Hotel California

John looked out of the window and allowed himself to pretend, just for a second, that he might actually go outside today. Then he poured another glass of vodka and popped another Valium.

He looked at the pill in the palm of his hand, unsure whether to swallow it or not. He knew he probably shouldn’t get too fucked up tonight, it was a big show in a city he’d not visited before. A new market, as his manager liked to say. He ought to try to make a good impression.

He made a mental note to check the name of the city before going on stage.

There had been a time when he’d have had someone to talk to. Back when he was in the band, they’d shared hotel rooms all the time. Now it was just so quiet, and he got so bored. The room was massive, but what was the point? You don’t need space to get off your face.

He scrabbled for his notebook and wrote that down. It’d make a good lyric. Another one for the guardian music critic to take the piss out of probably. But they’d talk about it, wouldn’t they? That was the thing. Every song on every album would be examined in detail in every newspaper, and certainly on every respectable music news site. His last album had spawned it’s own twitter hashtag.

All the clever people talked about his music, and to talk about it, they had to listen to it first. A lot of them professed not to enjoy that part, but they kept doing it, didn’t they?

It had all really got going when he got kicked ou– when he left the band. His first solo record had driven the musos mad with lust for him; they’d declared it the maturing of a true artist. They confidently announced that Date Night, the band’s only big hit, was far behind him now. With this bold new direction he’d re-invented himself as a poet for the 21st century. He told any journo who’d listen that he made half the lyrics up on the spot in the studio, and scribbled the other half on fag packets in the pub. It was the backing tracks, atmospheric artsy hip hop by a couple of young DJs his manager had found, that made it all sound deep. Of course this just made them love him more. That had soured after two albums, as it always does, but by then he was part of the pantheon. Whatever he did, they’d keep paying attention. He could put out a 40 minute album of farting noises set to polka and they’d talk about it for months.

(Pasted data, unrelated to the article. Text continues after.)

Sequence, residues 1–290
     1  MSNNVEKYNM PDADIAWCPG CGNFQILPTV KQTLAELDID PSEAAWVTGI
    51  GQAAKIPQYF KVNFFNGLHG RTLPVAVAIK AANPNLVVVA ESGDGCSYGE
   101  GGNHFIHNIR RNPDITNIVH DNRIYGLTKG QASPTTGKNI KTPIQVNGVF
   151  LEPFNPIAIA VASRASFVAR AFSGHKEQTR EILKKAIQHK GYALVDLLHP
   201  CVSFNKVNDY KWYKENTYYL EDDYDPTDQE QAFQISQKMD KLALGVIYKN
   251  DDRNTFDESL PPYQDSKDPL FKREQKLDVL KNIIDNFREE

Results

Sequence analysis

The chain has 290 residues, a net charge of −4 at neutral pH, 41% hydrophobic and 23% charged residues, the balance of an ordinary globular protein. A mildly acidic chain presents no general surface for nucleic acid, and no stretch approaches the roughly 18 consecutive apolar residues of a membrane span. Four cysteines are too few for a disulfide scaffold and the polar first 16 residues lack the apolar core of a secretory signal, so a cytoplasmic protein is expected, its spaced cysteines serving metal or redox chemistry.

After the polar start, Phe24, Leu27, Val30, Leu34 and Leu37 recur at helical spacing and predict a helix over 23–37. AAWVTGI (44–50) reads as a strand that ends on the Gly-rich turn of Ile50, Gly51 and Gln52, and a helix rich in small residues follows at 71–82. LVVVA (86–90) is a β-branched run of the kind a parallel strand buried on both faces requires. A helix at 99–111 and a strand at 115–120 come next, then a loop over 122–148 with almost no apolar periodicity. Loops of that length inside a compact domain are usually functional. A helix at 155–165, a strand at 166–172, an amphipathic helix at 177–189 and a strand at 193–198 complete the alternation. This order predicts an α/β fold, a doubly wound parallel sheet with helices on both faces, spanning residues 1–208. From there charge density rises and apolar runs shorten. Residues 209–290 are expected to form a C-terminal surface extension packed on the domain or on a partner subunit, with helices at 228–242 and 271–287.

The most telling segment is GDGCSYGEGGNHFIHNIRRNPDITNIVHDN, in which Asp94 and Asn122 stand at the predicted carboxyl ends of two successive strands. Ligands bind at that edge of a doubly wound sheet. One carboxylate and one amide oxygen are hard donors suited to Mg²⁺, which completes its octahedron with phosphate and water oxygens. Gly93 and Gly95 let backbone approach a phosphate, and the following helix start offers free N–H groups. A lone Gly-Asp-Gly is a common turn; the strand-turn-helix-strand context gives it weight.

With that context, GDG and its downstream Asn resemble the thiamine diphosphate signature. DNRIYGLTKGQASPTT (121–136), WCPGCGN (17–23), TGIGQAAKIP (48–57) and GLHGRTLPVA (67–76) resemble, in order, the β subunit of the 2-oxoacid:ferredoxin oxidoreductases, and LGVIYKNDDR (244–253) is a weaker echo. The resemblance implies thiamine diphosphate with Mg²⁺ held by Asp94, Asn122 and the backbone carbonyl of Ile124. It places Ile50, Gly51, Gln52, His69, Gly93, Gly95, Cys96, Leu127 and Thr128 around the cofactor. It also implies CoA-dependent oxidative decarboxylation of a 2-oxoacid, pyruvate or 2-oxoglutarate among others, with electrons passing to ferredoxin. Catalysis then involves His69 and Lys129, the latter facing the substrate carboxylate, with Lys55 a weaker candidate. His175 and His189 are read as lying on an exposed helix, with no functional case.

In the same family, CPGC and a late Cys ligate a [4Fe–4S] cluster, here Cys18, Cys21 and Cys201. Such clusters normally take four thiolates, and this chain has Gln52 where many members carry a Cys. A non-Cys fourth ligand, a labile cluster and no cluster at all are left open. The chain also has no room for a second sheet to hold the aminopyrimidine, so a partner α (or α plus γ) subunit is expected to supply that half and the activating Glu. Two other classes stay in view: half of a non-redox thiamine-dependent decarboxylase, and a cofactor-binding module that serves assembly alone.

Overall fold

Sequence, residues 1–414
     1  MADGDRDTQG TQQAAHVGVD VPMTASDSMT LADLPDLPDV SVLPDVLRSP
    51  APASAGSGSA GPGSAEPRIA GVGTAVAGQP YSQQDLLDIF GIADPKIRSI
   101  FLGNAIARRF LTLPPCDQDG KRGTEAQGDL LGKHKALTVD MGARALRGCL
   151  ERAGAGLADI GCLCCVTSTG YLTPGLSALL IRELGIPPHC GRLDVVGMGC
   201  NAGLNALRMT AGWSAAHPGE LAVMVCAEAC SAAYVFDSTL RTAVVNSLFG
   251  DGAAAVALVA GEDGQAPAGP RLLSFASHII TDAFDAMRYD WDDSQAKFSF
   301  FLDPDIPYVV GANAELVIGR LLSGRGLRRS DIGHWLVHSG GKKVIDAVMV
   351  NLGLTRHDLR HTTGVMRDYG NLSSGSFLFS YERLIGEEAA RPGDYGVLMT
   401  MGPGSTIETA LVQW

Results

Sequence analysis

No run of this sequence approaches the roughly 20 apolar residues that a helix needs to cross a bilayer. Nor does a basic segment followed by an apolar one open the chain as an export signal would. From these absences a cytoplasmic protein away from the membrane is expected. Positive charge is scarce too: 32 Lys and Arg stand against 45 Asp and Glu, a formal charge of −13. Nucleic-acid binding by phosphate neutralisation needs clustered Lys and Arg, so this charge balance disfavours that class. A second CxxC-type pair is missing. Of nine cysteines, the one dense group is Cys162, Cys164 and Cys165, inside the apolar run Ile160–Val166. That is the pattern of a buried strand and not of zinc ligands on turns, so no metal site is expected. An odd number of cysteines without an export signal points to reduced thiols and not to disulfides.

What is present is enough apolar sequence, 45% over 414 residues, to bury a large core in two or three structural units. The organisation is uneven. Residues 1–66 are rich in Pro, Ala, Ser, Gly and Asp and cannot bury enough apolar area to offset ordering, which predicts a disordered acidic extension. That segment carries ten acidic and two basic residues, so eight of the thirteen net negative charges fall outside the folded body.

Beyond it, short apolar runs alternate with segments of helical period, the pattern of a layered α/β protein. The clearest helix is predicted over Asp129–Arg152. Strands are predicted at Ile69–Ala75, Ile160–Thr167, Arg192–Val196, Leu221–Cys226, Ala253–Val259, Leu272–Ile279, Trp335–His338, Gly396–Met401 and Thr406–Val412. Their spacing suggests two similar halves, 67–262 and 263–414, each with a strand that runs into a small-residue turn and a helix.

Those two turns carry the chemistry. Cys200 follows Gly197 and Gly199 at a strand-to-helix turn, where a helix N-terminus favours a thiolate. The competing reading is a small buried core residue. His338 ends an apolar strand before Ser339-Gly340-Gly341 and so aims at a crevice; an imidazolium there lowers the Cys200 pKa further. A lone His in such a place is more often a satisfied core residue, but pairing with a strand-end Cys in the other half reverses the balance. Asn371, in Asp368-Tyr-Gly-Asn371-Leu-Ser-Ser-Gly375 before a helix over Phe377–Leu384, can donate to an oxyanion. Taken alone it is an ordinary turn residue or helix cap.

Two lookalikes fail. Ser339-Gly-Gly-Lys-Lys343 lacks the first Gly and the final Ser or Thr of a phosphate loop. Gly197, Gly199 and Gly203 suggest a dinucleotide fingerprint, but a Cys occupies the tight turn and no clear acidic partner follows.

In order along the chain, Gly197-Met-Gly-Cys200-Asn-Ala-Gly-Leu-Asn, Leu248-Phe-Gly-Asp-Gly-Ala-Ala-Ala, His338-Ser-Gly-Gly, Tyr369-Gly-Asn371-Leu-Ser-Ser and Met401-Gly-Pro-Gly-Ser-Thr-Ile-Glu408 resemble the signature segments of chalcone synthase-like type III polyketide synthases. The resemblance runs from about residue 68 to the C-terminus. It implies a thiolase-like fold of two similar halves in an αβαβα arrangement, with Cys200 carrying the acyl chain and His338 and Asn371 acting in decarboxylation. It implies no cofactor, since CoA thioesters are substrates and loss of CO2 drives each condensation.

he wondered what Barry and Jerry and Geoff thought. It must seem so strange to them; their rowdy idiot singer, who’d always been late to practice and frequently forgot the words on stage, worshiped by turtlenecked wankbags the world over for his artistic genius. They probably laughed about it.

The thing was, it kept the tickets selling, it kept him in fancy hotel rooms like this one; but it didn’t make any difference to audiences. Every night, in every city, it was always the same. He’d sing to the front six rows for an hour while the rest of the crowd talked amongst themselves and waited for the only song they’d really paid to hear- the same song he closed with every night, the only one that could get a response from the whole crowd.

Date Night.

He swallowed the Valium.

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David Wynne

David Wynne

David Wynne is a cartoonist from south east London now living in Hove. He likes loud music and probably drinks more than he should. He tries to be nice. He really does try.

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